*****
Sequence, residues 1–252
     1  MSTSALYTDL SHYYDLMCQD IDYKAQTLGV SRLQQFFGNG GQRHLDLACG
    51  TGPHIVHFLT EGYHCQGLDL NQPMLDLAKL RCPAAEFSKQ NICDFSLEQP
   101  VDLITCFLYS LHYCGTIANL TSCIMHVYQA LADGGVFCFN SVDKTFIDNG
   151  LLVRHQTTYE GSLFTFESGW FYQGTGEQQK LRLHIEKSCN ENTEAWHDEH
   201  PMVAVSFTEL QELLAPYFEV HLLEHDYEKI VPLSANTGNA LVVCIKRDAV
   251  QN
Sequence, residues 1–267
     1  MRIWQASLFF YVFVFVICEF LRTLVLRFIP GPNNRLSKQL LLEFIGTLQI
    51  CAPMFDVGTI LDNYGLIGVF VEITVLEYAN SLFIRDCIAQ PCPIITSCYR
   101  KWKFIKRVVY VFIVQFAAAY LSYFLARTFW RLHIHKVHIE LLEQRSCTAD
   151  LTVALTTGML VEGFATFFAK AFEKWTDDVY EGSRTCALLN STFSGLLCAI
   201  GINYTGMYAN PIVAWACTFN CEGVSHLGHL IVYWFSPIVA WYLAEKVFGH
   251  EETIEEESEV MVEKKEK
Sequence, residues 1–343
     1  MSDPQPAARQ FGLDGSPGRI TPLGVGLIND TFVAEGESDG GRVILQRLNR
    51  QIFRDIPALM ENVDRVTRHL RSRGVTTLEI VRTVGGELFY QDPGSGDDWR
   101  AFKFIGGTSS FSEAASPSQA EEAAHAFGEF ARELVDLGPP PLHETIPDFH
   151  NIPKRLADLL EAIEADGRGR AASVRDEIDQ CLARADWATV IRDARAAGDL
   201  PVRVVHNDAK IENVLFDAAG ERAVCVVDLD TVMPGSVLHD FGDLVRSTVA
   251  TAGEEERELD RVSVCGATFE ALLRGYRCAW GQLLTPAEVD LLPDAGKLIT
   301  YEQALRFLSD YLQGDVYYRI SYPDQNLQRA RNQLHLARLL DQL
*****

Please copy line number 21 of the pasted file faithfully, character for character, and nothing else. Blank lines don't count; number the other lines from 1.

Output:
   251  TAGEEERELD RVSVCGATFE ALLRGYRCAW GQLLTPAEVD LLPDAGKLIT